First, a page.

Lyle LaMothe traveled a lot while working for Merrill Lynch, a business he ultimately led and helped merge with Bank of America. While on the road for the wealth management firm, in unfamiliar cities and after his meetings concluded, LaMothe turned to hotel concierges for suggestions on what sites he should see.
Many times, LaMothe was steered toward local craft breweries, where he developed a passion for beer.
“I was a really terrible golfer,” LaMothe said chuckling. “I needed a different passion.”
After LaMothe’s son graduated from college in 2005, they started brewing their own beer as a hobby. Eventually, the entire family got involved, entered and won a few local beer contests, and even created a book of beer recipes. In 2012, shortly after LaMothe retired from Bank of America, the hobbyists decided to become professionals and opened Broken Bow, a brewery named after the birthplace of LaMothe’s wife.
Broken Bow, located in Tuckahoe, New York and a short walk from a Metro-North Railroad stop, has 12 to 16 different lagers, IPAs, ales, stouts, and hard seltzers on tap at any given time. The brewery has 10 employees but remains a true family business. LaMothe’s son is the president of the brewery. One of his daughters, who has a degree in biomedical engineering and brewing science, is the head brewer, and another daughter is the head of marketing. LaMothe’s wife serves as the chief financial officer and chief investment officer.
LaMothe consults with his family about Broken Bow, but most of his time is dedicated to his job as the executive chairman of Snowden Lane Partners, a New York-based wealth management firm with 65 advisors managing more than $9 billion in assets. He’s active in the day-to-day running of the company, a member of the operating committee, helps recruit employees and advisors to the company, routinely visits with clients and investors, and often gives advice to the firm’s advisors.
Independent wealth management firms and small breweries have a lot in common, according to LaMothe, and each business has helped him lead the other. Both are independent, creative, built on relationships, and focused on quality over of quantity, LaMothe said. “There's tremendous overlap and it's probably the reason I was attracted to craft beer.”
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The Covid-19 pandemic forced the brewery and the wealth management firm to change how they did business and best serve their customers under the circumstances. Historically, both have depended on face-to-face interactions. “How do you change [those companies] to keep the conversation going or sales moving?” LaMothe said.
Finance and manufacturing are industries with little in common, but Lamothe said his experience communicating with Broken Bow’s customers and partners helped inform the conversations that Snowden Lane had with clients who own or work for manufacturing companies.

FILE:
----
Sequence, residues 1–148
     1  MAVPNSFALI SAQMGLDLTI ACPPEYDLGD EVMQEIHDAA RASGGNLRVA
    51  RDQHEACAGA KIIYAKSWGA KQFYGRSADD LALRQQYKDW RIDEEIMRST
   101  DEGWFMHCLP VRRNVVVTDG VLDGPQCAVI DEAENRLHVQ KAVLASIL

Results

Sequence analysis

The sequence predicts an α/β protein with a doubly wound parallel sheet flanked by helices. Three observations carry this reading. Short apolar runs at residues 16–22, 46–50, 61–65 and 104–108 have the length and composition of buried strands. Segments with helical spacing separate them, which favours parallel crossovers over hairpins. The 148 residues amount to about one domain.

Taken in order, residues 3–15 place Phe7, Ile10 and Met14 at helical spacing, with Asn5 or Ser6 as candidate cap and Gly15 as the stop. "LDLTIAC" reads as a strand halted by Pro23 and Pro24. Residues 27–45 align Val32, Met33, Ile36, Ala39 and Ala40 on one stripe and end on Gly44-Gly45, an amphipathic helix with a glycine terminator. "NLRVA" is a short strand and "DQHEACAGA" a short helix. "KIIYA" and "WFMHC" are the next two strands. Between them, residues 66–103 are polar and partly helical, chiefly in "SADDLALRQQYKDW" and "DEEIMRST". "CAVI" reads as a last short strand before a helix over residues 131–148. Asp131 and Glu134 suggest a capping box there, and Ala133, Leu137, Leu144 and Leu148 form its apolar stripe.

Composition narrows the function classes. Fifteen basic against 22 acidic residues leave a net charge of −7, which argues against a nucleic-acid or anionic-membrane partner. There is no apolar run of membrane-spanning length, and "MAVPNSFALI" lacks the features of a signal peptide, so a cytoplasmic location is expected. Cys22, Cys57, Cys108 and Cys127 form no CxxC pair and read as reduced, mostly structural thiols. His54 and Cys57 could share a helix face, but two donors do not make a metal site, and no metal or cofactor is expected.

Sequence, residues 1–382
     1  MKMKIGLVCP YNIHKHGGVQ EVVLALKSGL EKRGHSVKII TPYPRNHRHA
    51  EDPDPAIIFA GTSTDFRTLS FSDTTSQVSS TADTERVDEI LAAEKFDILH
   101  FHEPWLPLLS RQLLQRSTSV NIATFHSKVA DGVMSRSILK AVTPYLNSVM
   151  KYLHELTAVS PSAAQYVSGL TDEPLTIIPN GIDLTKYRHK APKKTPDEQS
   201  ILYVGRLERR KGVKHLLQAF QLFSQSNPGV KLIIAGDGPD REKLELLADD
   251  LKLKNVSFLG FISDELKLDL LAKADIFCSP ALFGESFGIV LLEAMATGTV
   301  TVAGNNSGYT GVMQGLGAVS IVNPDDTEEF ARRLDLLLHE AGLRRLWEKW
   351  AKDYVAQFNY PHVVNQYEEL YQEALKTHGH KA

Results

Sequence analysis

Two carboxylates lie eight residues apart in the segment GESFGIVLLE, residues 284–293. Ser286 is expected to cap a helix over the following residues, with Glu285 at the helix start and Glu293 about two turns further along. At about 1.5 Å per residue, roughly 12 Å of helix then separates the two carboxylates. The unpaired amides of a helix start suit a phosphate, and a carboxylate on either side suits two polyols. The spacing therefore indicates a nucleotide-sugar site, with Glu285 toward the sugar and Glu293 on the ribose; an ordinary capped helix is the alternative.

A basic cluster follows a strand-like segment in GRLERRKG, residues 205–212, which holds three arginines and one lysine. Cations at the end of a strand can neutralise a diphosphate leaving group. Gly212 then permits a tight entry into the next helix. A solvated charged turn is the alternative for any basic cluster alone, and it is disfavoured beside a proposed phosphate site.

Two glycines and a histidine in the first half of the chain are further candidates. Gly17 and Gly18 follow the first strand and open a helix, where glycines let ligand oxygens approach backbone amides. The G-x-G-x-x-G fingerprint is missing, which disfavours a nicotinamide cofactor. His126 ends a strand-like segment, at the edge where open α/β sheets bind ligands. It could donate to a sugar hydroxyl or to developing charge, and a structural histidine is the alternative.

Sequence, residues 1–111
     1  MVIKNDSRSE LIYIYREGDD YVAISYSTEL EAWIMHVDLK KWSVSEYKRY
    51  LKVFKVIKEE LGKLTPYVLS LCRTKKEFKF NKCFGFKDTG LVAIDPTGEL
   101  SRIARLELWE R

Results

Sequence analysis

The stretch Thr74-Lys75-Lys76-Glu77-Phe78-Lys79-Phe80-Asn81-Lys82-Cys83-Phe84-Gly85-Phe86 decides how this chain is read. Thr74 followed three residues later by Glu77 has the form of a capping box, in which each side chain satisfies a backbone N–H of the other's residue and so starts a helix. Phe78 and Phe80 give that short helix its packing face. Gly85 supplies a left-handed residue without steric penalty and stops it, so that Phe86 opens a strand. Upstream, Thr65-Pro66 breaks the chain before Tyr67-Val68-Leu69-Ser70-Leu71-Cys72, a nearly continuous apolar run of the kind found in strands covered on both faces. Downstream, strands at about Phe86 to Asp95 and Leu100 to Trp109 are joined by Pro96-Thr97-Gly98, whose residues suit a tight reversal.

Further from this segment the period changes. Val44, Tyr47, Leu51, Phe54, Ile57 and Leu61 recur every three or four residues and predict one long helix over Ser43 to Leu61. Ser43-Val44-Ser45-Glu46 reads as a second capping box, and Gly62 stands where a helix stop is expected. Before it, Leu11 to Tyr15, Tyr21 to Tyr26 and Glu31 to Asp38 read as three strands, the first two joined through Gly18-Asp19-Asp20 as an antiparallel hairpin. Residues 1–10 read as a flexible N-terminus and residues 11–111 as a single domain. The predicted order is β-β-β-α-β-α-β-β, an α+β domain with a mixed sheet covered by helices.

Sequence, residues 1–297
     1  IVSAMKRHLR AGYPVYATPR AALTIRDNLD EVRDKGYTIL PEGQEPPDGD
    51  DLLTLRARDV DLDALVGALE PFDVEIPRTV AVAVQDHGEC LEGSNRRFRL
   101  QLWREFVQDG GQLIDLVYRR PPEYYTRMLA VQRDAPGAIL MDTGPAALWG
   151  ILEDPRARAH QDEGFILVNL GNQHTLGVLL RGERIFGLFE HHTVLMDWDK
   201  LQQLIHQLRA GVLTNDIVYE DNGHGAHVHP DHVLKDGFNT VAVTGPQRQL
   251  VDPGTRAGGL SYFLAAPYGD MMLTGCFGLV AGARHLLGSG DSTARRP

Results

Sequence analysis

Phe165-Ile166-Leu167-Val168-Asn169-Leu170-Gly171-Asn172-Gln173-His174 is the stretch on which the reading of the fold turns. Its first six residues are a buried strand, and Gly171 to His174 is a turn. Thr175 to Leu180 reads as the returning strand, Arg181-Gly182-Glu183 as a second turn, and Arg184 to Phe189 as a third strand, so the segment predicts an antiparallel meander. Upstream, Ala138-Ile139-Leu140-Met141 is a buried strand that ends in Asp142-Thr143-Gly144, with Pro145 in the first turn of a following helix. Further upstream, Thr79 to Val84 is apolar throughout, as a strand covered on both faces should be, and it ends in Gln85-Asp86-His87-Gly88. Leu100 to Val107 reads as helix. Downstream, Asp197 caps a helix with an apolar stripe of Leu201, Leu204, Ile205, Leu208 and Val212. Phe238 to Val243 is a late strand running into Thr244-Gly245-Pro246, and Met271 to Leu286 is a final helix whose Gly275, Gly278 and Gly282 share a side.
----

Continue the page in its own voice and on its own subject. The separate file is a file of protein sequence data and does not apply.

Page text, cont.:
“All of the manufacturing clients that Snowden Lane advisors work with, are going through a very difficult time right now, so what can we do to help them? How can we elevate or escalate the level of communication with sectors, employees [and] employers that are probably in a more difficult spot right now than other industries?” LaMothe said.
Snowden Lane decided it needed to more proactively reach out to clients, companies, and individuals who were trying to adjust their personal and professional lives.
“Rather than have them have to look up our phone number and call, we called them. We were out on our front foot. We were very visible. And so, I think the level of communication escalated,” LaMothe said. That effort helped Snowden Lane grow organically and inorganically.
The wealth manager still added eight advisory teams with an aggregate of $2.5 billion in client assets last year, helping it reach more than $9 billion in assets, 50 percent more than a year ago. It also doubled the total number of high-net-worth, ultra-high-net-worth, and institutional clients it works with to 4,600. The firm also grew from 90 to 115 employees last year.
While LaMothe worked remotely for Snowden, he and his family took proactive steps to help the brewery business. Broken Bow's outdoor beer garden was a simple patio space with picnic tables. Now, it has more grass and includes a 1951 GMC Dually pickup truck that the brewery turned into a bar. The brewery also redesigned its labels and made a greater effort to get its beer into local grocery stores, such as DeCicco & Sons, and expand its distribution area through Whole Foods and Wegmans from a 25-mile radius around the brewery to a 50-mile radius. Like other breweries during the pandemic, it also started manufacturing sanitizer.
Similar to what Snowden Lane did for clients and prospects, the brewery reached out to existing and potential partners to ask how it could help them.
“Instead of our salespeople calling and saying, ‘Gee, I have a new beer to sell you.’ We were calling and saying ‘How are you doing? Is there anything we can do to help? Would it help if we extend a little more liberal credit on your accounts? What are your business plans? How are your hours changing?” LaMothe said.
Revenue at Broken Bow fell in 2020 due to certain periods it had to be closed. But revenue has since climbed back to pre-pandemic levels and is on track to grow 25 percent in 2022.
Along with business lessons, LaMothe said Broken Bow has taught him to better appreciate how hard people work to earn a living and accumulate wealth. He is grateful for the opportunity to work at both companies, he said.
Holly Deaton (@HollyLDeaton) is a staff writer at RIA Intel and based in New York City.